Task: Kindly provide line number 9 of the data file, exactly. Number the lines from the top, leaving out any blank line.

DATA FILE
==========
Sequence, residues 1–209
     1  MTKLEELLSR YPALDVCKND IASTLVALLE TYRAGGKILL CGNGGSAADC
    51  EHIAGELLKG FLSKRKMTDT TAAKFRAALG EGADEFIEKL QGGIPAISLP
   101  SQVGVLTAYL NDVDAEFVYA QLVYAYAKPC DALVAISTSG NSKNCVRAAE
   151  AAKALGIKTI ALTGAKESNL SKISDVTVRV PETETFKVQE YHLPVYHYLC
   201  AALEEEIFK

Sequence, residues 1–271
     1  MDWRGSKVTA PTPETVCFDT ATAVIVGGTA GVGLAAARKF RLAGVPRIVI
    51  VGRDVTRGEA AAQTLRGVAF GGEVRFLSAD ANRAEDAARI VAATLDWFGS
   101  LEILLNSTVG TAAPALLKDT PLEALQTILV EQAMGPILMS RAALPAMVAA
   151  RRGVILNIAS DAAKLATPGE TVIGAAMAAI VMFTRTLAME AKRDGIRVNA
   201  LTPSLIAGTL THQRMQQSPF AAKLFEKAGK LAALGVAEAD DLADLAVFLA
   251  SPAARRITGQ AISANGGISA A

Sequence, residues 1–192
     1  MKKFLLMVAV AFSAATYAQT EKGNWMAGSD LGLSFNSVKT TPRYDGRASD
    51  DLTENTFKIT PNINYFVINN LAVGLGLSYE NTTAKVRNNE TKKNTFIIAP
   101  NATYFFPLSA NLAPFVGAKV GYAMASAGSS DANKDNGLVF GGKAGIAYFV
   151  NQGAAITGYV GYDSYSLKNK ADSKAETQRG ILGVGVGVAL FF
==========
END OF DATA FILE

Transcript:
    51  VGRDVTRGEA AAQTLRGVAF GGEVRFLSAD ANRAEDAARI VAATLDWFGS